Emergency departments (EDs) are busier than ever, and ED imaging volumes are up almost across the board.
According to research from the American Hospital Association, ED visits in the United States jumped from 92.6 million in 1993 to 133.6 million in 2013, and the country lost more than 500 EDs in that same timeframe creating the circumstances for a perfect storm in the nation’s EDs.
A 2016 Bank of America/Merrill Lynch Health Care Facilities Industry Overview noted that 67 percent of hospitals reported an increase in ED volume in February 2016 compared to the previous year. ED volume increased by an average of 4.8 percent year over year.
“Historically, median ER volumes have trended in the 1-3 percent range,” the report read. “After seeing a record +5.0 percent median increase in December 2015, the +4.0 percent median increase in February 2016 came in at the high end of the expected range.”
As one might expect, escalating ED volume has led to an increase in ED imaging. According to research from Thomas Jefferson University ED imaging utilization for x-ray and CT jumped dramatically from 2002 to 2012. There also were clear increases in the utilization of ultrasound and MRI/nuclear medicine, though they were not as significant.
Benefits of ED imaging
There is a tendency to view these statistics in a negative light, especially considering the way more and more providers are starting to focus on the cost of imaging and reducing exams that may be viewed as unnecessary. However, increases in ED imaging have been shown to benefit both patients and referring physicians.
For example, in a study by Pandharipande et al published in the March edition of the journal Radiology, researchers found that CT exams ordered in the ED had a positive impact on physicians’ diagnoses, admission decisions and diagnostic confidence.
According to the study, which included 245 physicians and more than 1,200 patients, a CT exam resulted in the leading diagnosis being changed in 51 percent of patients with abdominal pain, 42 percent of patients with chest pain and/or dyspnea and 24 percent of patients with headaches. Also, CT helped physicians either confirm or exclude at least 95 percent of their alternative diagnoses.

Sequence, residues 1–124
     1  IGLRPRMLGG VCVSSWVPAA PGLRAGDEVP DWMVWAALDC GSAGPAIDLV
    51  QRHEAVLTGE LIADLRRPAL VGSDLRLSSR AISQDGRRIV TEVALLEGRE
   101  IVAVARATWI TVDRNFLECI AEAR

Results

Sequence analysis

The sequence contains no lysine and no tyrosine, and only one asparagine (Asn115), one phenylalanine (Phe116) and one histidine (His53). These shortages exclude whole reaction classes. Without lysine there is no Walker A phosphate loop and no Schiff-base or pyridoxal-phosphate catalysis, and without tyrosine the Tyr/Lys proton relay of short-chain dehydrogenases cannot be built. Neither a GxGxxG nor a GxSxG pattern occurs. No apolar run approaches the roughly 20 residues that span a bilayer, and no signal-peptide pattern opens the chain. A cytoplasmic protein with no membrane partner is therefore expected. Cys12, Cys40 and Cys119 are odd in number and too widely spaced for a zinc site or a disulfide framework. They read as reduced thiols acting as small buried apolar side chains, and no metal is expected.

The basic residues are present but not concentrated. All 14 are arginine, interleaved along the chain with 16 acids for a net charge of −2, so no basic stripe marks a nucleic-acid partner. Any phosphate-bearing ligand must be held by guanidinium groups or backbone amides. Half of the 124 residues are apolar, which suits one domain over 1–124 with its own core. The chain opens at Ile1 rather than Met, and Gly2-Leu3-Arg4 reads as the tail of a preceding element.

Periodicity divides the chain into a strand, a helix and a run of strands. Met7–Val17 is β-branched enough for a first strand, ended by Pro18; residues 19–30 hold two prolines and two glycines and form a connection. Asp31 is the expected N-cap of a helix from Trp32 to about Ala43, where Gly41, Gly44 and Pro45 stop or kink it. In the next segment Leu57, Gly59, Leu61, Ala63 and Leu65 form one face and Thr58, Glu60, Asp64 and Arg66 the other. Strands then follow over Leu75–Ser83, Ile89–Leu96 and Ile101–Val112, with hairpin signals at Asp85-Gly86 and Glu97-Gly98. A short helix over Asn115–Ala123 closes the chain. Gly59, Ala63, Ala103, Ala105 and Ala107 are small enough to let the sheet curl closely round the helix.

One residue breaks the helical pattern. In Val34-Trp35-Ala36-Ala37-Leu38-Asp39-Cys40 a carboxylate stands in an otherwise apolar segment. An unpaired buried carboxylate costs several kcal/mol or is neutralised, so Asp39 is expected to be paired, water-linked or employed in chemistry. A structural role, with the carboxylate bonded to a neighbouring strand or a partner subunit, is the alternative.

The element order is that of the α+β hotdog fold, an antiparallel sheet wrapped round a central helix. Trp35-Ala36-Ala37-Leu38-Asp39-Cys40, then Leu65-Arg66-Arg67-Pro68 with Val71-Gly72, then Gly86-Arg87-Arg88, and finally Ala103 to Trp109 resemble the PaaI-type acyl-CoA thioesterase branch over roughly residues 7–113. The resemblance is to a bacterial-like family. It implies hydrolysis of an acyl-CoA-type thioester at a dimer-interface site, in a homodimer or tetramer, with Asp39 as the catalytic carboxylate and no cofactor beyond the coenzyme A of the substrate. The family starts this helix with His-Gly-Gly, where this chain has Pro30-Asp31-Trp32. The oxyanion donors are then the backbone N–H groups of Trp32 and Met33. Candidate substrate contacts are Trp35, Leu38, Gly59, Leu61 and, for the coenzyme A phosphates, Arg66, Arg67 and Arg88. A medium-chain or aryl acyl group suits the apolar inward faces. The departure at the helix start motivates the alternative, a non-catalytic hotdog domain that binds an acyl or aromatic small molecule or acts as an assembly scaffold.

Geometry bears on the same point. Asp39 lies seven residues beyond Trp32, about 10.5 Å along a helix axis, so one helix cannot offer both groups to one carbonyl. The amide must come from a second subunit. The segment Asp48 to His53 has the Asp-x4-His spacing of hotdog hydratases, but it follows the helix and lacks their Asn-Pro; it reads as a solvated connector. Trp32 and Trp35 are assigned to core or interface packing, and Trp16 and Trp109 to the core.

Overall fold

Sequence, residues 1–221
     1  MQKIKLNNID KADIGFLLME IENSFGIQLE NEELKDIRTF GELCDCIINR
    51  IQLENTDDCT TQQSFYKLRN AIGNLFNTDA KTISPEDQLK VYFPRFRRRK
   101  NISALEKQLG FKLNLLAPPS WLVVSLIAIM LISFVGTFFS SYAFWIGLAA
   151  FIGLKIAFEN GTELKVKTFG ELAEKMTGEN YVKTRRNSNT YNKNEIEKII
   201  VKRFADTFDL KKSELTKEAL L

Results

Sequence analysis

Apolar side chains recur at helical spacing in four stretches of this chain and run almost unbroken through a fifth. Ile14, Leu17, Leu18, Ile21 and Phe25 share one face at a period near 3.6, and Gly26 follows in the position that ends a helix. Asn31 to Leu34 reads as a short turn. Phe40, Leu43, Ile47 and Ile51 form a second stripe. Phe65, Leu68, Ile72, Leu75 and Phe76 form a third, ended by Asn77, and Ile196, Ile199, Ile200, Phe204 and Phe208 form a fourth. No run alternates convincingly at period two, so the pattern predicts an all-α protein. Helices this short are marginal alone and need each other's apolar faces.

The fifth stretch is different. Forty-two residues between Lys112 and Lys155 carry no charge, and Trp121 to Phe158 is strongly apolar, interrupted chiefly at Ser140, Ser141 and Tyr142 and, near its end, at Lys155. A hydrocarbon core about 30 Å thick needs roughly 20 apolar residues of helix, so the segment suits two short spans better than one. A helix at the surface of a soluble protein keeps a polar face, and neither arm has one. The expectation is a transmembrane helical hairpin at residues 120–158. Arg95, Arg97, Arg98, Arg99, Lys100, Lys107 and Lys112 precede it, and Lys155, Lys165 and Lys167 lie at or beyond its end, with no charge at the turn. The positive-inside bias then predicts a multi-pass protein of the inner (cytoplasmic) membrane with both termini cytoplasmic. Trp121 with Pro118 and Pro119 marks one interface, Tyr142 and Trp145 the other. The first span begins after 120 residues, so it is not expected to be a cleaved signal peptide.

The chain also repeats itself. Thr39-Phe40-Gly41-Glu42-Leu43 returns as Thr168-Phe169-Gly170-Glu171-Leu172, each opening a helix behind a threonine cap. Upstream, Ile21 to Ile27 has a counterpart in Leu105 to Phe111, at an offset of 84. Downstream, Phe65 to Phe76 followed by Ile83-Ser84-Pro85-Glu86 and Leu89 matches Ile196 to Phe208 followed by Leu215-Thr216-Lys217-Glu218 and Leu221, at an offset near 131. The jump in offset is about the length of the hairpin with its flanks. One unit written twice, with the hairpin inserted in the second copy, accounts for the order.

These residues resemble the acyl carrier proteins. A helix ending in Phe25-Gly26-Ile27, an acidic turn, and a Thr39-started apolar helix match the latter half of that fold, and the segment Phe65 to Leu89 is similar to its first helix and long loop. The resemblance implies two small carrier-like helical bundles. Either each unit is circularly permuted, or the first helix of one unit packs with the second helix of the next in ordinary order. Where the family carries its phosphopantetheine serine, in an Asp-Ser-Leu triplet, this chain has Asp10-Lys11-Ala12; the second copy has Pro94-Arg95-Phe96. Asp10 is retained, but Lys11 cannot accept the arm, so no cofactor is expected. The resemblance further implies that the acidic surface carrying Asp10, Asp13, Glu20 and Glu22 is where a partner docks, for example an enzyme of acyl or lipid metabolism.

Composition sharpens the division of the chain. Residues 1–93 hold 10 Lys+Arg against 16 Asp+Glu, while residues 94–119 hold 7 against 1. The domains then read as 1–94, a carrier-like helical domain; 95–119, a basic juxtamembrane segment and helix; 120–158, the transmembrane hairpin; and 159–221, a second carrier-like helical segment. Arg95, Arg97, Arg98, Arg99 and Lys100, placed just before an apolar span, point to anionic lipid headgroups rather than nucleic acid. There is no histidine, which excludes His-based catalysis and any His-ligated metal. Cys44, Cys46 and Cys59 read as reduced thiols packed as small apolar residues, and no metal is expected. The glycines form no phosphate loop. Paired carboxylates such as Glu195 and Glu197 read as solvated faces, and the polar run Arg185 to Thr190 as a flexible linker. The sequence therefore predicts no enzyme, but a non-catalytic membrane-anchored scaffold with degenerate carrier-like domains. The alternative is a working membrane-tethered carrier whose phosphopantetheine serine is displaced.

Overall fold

“Our results indicate that, in emergency department settings, physicians frequently make different diagnoses and decisions for their patients after CT and that diagnostic uncertainty is alleviated,” the authors wrote.
Increases in ED imaging volume also may be contributing to enhanced profitability for health systems. When Nashville, Tenn.-based HCA Holdings announced that revenue was up 6 percent for the first quarter of 2016, for example, it reported increases in admissions (1.8 percent), equivalent admissions (3.7 percent), and emergency room visits (7.6 percent).
The radiologist’s perspective
Sruti Nataraja, MPH, managing director of the Imaging Performance Partnership at the Advisory Board Company, recently examined rising ED volumes from an imaging perspective for a webinar, “ED Imaging Volume is Up: Understand the Trend and How Teams are Coping,” sponsored by vRad.
She reported that demand has pushed EDs “to a breaking point” and that care team members in the ED have learned to rely on imaging at a time when they feel overwhelmed or over-extended.
Nataraja also emphasized the importance of radiologists working toward improving turnaround times. “Think about radiology’s opportunity to help with perfecting ordering and utilization, optimizing capacity and streamlining patient prep,” Nataraja said. “Ulimately, improving efficiency in the ED requires an all-hands-on-deck approach, with thoughtful collaboration between radiology and ED leadership.”
To watch a recording of the webinar, click: ED Imaging Volume is Up: Understand the Trend and How Teams are Coping.